Fierce heat wave in India and Pakistan 30 times more likely because of climate change

·3 min read

This spring's punishing heat wave in India and Pakistan, which has caused widespread human suffering and affected global wheat supplies, was about 30 times more likely to happen because of human-caused climate change, according an analysis Monday.

The heat wave has caused at least 90 deaths across India and Pakistan and triggered an extreme glacial lake outburst flood in northern Pakistan and forest fires in India.

Temperatures soared above 110 degrees; some areas hit as high as 115 degrees.

"High temperatures are common in India and Pakistan, but what made this unusual was that it started so early and lasted so long," said study co-author Krishna AchutaRao of the Centre for Atmospheric Sciences at the Indian Institute of Technology in Delhi.

"Across much of both countries, people had little relief for weeks on end, with the costs particularly high for hundreds of millions of outdoor workers. We know this will happen more often as temperatures rise, and we need to be better prepared for it," AchutaRao said.

People sleep in the shade of a tree on a hot summer afternoon in Lucknow in the central Indian state of Uttar Pradesh on April 28. Severe heat wave conditions swept north and western parts of India.
People sleep in the shade of a tree on a hot summer afternoon in Lucknow in the central Indian state of Uttar Pradesh on April 28. Severe heat wave conditions swept north and western parts of India.

The region is known for high heat in the spring and early summer, and May is typically the hottest month of the year. This heat wave raised temperatures 8 to 15 degrees above normal across much of India, NASA's Earth Observatory reported.

What is the highest temperature recorded in India?

March 2022 was the hottest March India has recorded since record-keeping began 120 years ago. The capital region of Delhi recorded its second-hottest April in 72 years, according to the Times of India.

CLIMATE CHANGE: Punishing heat wave in India reaches 115 degrees, part of a 'hotter and more dangerous world'

According to the study, prepared by the World Weather Attribution group, the heat reduced India’s wheat crop yields, causing the government to reverse a plan to supplement the global wheat supply affected by the war in Ukraine.

In India, a shortage of coal led to power outages that limited access to cooling, compounding health impacts and forcing millions of people to use coping mechanisms such as limiting activity to the early morning and evening.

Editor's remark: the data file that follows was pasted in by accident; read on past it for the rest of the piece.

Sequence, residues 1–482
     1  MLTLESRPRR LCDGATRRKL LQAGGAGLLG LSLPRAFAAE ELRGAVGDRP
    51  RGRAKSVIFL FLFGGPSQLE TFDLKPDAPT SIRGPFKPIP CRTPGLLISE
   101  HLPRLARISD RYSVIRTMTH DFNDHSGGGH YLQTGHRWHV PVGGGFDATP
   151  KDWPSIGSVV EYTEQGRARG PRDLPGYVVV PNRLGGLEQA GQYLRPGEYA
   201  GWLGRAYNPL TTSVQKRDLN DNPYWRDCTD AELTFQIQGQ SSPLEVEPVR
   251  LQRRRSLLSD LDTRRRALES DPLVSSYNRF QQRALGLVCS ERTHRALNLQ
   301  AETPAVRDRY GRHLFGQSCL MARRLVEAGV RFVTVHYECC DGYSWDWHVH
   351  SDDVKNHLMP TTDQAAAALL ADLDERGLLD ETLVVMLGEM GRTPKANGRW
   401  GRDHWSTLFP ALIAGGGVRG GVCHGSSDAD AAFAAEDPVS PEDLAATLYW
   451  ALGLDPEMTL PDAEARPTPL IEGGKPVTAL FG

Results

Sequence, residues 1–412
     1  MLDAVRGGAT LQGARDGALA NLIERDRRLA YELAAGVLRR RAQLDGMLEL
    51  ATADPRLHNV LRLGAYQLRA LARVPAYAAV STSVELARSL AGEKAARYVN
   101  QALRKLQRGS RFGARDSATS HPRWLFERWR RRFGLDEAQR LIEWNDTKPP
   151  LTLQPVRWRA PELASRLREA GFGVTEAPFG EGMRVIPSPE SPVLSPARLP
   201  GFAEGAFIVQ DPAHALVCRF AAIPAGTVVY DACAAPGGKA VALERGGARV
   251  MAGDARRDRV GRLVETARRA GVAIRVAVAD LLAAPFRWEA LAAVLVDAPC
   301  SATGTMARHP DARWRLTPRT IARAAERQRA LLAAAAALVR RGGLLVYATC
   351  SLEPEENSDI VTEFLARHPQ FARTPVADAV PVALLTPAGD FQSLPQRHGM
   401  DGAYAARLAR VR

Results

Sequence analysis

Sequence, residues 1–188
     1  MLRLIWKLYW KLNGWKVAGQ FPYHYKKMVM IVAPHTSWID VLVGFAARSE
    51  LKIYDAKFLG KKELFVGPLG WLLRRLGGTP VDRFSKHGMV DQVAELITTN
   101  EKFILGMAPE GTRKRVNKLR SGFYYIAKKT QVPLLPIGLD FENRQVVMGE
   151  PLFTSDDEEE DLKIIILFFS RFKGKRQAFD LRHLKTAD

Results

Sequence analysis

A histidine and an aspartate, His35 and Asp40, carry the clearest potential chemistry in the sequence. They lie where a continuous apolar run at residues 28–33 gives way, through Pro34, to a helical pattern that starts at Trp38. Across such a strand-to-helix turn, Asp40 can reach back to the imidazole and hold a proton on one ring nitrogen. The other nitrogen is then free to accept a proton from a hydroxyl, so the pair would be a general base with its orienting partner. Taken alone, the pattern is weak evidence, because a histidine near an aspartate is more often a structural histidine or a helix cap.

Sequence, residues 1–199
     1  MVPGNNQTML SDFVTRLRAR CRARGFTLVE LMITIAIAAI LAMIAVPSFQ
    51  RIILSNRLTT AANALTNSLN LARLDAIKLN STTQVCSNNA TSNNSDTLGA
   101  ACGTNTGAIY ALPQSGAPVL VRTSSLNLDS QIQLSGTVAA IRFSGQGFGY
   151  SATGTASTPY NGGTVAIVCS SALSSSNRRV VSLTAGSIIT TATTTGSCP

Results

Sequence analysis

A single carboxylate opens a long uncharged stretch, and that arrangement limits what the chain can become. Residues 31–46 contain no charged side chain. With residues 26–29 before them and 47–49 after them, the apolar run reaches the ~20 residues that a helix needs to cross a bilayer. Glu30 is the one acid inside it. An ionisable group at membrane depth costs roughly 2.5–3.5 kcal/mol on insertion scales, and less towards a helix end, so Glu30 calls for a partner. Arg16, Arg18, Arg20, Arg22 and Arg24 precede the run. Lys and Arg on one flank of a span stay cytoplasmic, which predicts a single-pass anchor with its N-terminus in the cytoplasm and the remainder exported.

“In countries where we have the data, heat waves are the deadliest extreme weather events," said study co-author Friederike Otto, a senior lecturer in climate science at the Imperial College London's Grantham Institute, which studies climate change.  "At the same time, they are the type of extremes most strongly increasing in a warming world. As long as greenhouse gas emissions continue, events like these will become an increasingly common disaster.”

Is India becoming too hot?

Worldwide, heat waves have been made more likely and more intense by climate change, the study said. To quantify the effect of climate change on the high heat in India and Pakistan, scientists analyzed weather data and computer simulations to compare the climate as it is, after about 2.2 degrees Fahrenheit of global warming since the late 1800s, with the climate of the past, following peer-reviewed methods.

Because of climate change, scientists determined, the probability of such a heat wave has increased by a factor of about 30.

The results are conservative: An analysis published last week by the United Kingdom’s Meteorological Office said that a heat wave in 2010 was probably made 100 times more likely by climate change, and such scorching temperatures are likely to reoccur every three years.

“Heat waves also have the potential to increase risk of forest fires and even droughts," said study co-author Arpita Mondal of the Indian Institute of Technology in Mumbai. "Thousands of people in this region, who, to begin with, contributed very little to global warming, are now bearing the brunt of it and will continue to do so if emissions are not significantly cut globally.

"This is a sign of things to come," Mondal said.

Contributing: Elizabeth Weise, USA TODAY; The Associated Press

This article originally appeared on USA TODAY: India heat wave 2022: Climate change makes it 30 times more likely